29 January 2014

Why You Need to Know More About Your Customer Calls

“What isn’t simple about customer-centric companies?”

We were immediately intrigued by this question from Micah Solomon’s recent article in Forbes. In his response, Solomon lists a few of the sticky spots companies find themselves mired in—and perhaps failing to get out of—over and over again in their quests to serve the customer. One particular situation caught our attention: the complex task of updating your methods to match your intended customer experience. Here’s what Solomon says:

“Your well-intentioned reinforcement tools and processes can over time morph into reinforcements of rote behaviors. Behaviors that no longer suit your customers. Keeping your focus on the core concept and then changing how you apply it in your business’s particulars is tricky and can easily trip you up.”

Ouch. As a business owner, you intend to do the best you can for your customers and your company. However, over time, the systems you use start to age and fail, sometimes without you or your employees realizing it.

Take, for instance, your customer calls. Customer calls are your lifeline, but what do you really know about them? You’re probably tracking your marketing to find out what’s bringing in potential clients and giving you the best return on your investment, but did you know there’s so much more you can do with customer data?

Though “fixing the process” may seem like a daunting task, there are several concrete, simple steps you can take to lift your data to its maximum potential. Here are a few suggestions:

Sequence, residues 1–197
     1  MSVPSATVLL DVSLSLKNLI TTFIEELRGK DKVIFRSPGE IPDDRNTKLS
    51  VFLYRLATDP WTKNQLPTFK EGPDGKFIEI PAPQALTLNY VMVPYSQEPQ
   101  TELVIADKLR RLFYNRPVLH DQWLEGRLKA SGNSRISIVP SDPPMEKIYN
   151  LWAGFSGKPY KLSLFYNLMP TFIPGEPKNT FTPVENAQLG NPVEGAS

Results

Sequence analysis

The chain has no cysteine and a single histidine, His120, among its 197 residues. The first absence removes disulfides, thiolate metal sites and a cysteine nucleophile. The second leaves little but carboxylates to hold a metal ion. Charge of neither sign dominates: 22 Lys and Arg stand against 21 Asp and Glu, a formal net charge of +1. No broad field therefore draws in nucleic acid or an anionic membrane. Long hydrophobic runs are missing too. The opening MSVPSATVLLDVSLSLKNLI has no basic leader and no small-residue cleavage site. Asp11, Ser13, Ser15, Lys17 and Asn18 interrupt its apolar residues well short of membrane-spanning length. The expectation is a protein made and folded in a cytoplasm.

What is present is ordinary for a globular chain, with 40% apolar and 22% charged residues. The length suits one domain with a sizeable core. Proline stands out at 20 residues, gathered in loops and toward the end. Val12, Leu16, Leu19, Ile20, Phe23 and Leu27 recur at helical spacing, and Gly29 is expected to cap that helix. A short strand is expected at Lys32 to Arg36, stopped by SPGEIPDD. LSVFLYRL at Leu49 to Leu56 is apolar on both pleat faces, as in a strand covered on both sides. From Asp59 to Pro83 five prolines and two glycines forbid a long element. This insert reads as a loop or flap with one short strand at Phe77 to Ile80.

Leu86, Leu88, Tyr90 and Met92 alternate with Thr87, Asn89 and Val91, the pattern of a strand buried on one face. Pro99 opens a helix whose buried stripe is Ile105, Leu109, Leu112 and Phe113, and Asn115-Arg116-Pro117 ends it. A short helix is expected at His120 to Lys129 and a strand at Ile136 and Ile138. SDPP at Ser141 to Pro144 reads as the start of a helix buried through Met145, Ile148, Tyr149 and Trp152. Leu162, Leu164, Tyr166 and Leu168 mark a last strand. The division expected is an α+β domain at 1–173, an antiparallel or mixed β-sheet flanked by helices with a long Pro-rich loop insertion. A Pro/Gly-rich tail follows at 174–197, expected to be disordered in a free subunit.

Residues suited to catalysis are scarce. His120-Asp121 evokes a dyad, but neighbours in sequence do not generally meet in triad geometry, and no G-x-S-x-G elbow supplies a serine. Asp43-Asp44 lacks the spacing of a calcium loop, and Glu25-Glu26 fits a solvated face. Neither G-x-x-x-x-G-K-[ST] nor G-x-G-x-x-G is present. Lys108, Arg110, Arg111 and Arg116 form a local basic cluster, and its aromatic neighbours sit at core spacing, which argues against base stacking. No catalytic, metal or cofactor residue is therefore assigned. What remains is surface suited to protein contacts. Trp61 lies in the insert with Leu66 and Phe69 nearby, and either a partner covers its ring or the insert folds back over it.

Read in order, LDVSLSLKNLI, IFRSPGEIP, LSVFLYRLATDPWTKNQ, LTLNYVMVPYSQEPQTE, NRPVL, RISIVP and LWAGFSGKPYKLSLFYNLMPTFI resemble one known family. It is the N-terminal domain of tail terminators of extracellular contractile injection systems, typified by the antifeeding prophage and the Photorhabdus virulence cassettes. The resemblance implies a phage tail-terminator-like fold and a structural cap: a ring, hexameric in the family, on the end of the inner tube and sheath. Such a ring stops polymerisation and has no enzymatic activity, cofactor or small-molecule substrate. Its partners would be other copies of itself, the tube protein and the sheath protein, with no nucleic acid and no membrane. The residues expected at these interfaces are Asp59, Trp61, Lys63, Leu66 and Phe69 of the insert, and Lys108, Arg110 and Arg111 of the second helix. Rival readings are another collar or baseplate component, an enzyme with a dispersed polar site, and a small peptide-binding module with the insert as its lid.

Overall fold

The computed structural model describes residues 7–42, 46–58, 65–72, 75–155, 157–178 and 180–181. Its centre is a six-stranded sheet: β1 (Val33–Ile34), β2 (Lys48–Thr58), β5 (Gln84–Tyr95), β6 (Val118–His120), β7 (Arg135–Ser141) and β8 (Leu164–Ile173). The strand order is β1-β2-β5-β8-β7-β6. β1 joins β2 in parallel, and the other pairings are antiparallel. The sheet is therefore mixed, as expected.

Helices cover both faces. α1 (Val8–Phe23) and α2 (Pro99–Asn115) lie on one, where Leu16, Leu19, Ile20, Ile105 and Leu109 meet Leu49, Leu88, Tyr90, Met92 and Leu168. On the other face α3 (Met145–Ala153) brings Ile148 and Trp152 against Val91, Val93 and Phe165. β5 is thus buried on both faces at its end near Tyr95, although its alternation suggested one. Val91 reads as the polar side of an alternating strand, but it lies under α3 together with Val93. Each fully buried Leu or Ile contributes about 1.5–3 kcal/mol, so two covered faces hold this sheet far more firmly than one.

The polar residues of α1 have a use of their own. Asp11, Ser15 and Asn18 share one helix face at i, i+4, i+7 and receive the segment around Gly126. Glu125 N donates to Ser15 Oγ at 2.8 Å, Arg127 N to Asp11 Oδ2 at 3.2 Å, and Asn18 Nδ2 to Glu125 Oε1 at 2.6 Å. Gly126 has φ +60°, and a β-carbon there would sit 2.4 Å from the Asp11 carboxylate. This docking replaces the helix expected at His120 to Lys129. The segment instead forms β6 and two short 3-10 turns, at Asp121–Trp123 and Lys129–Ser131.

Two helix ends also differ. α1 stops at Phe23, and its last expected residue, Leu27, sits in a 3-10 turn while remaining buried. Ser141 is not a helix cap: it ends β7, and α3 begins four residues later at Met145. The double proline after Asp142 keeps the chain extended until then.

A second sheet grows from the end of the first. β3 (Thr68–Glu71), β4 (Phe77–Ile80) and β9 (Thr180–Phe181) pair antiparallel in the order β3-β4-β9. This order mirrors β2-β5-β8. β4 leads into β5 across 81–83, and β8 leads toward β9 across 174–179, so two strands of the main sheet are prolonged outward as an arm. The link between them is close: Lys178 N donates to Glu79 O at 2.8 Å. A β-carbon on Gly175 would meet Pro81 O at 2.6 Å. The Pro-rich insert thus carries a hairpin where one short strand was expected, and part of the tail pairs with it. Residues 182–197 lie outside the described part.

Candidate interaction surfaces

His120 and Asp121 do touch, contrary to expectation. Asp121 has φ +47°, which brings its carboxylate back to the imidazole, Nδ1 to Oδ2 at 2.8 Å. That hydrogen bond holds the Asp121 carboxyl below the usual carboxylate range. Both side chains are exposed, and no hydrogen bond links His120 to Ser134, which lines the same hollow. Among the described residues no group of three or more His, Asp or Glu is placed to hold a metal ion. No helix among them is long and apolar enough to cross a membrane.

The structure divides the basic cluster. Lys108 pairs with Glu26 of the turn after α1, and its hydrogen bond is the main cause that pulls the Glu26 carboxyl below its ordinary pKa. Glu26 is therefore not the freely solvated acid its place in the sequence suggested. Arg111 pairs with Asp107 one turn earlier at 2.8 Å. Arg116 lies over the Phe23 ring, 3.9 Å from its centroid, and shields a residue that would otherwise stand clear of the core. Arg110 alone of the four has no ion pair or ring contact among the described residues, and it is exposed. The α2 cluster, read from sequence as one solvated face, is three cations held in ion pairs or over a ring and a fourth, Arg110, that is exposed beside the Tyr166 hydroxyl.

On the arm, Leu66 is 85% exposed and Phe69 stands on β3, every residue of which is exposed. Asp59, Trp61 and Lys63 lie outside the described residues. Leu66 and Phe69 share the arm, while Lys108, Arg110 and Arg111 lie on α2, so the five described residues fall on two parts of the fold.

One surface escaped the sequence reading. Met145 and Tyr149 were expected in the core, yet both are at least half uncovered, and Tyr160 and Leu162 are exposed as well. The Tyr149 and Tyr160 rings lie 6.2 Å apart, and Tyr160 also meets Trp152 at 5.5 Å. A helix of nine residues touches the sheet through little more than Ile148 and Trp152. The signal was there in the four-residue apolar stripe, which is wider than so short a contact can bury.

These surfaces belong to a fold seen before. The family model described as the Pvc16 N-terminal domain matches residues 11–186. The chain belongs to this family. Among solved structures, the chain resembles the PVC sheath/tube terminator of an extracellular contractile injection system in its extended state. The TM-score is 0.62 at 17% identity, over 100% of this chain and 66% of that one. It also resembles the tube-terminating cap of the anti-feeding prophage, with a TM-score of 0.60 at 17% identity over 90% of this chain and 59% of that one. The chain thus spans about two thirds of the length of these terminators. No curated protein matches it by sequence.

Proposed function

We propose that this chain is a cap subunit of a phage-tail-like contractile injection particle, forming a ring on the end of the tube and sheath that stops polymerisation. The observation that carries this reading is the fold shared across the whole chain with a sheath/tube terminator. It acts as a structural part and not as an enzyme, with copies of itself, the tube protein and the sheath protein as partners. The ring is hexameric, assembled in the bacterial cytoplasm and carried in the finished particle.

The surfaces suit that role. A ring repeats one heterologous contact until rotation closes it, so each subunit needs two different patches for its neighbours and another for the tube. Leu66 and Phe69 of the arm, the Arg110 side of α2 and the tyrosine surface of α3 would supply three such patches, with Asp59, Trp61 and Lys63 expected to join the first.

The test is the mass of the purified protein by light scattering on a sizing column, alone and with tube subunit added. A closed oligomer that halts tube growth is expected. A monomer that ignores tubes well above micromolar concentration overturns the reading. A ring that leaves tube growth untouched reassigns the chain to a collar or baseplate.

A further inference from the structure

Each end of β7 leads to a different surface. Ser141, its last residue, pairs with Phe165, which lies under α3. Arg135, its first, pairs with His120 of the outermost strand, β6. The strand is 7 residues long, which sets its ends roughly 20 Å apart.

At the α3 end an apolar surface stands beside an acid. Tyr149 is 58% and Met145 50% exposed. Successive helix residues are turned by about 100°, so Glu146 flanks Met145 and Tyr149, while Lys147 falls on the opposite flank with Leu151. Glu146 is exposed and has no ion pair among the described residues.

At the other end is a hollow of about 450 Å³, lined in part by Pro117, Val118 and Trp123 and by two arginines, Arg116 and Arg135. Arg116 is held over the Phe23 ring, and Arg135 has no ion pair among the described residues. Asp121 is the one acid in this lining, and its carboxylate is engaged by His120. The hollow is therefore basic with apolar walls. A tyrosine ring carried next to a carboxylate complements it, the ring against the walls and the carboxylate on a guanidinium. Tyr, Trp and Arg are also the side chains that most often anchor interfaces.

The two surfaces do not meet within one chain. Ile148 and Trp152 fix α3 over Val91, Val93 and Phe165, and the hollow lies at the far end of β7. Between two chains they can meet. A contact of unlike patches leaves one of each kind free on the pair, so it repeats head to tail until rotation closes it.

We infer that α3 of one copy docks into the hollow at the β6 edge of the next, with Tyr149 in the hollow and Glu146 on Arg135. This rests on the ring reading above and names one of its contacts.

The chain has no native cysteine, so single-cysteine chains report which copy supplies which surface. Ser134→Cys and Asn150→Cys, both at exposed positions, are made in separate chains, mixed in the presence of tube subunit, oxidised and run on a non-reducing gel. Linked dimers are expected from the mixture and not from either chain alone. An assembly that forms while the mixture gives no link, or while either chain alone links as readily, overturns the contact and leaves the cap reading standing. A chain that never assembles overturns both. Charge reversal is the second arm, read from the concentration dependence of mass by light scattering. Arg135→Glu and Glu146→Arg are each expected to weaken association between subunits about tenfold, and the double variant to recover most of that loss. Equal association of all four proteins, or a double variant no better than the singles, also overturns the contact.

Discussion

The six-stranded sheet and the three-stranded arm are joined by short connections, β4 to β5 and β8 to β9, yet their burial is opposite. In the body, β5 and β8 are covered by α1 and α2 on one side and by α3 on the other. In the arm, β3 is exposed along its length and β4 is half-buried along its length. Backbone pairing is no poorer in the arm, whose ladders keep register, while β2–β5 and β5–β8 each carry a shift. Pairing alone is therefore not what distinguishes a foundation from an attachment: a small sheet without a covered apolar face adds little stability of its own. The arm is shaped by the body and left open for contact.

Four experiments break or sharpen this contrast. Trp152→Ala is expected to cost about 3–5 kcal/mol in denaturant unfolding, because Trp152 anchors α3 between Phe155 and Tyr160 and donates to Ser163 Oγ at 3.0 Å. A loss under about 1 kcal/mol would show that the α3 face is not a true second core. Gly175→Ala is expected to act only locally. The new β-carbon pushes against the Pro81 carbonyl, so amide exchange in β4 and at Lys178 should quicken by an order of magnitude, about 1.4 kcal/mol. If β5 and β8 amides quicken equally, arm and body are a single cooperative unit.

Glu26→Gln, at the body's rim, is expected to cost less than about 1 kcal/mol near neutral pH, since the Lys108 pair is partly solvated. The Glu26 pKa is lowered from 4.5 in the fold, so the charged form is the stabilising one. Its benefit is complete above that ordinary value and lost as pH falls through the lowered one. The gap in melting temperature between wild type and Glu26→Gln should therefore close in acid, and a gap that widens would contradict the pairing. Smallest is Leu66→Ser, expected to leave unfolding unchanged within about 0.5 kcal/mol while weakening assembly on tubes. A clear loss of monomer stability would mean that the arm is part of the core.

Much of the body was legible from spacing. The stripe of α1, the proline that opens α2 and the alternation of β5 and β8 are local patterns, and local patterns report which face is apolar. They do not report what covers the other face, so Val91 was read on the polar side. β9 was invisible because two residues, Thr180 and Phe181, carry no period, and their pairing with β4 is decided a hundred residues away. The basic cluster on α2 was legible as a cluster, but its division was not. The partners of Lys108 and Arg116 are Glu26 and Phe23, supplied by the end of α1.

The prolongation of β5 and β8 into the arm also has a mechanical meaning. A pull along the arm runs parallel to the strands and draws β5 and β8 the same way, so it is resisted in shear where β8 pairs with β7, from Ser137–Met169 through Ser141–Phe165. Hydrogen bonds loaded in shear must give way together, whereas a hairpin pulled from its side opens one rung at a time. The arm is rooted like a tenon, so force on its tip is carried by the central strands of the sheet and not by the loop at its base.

• Move your system beyond call counts. Did you recently run an ad in several locations that brought in a ton of leads, but that’s as much as you know? Segmenting calls by geographic area, city, state, and zip code can help you find out exactly where your current and potential customers live.
  • Pair your geographic info with information that highlights customer history with your business—it’s imperative. This can include call frequency, other ad campaigns called, and even time spent talking to the customer. That way, you’ll be able to point to specific data that may alter your marketing strategy.
  • Know the gender distribution of your callers. You may know that you had a great response with a series of out-of-home advertisements in hair salons and barber shops, but consider the possibilities if you knew that 75 percent of purchases came from male customers calling from two specific locations. You’d be able to target those locations with much more strategy—and confidence.

By gathering your customer data in a smart way, you’ll gain insight into your business, and you can increase the performance of targeted marketing that will benefit both your customers and your business.

We’d love to talk with you about how we can work together to uncomplicate the process for you, freeing you to develop and sustain a community with your customers. Get in touch today.